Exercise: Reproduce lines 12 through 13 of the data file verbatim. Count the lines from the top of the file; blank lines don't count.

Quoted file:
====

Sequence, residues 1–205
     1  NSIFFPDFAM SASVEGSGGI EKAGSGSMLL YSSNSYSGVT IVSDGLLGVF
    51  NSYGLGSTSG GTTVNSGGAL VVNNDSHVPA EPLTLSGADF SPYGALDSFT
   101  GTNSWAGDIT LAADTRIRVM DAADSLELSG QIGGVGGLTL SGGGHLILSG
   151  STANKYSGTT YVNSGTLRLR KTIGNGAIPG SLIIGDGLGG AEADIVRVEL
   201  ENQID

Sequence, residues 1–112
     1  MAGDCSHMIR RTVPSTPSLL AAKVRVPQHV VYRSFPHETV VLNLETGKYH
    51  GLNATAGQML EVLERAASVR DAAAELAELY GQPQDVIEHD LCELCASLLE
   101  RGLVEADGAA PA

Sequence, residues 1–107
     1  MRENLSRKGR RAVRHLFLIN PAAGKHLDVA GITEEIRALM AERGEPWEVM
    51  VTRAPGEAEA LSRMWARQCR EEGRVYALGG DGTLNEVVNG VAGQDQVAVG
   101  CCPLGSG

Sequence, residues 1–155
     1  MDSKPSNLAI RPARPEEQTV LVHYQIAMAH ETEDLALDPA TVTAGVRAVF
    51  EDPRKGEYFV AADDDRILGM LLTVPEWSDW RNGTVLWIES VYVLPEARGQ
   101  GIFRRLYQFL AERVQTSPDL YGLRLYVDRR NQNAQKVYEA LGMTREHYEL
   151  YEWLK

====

     1  MRENLSRKGR RAVRHLFLIN PAAGKHLDVA GITEEIRALM AERGEPWEVM
    51  VTRAPGEAEA LSRMWARQCR EEGRVYALGG DGTLNEVVNG VAGQDQVAVG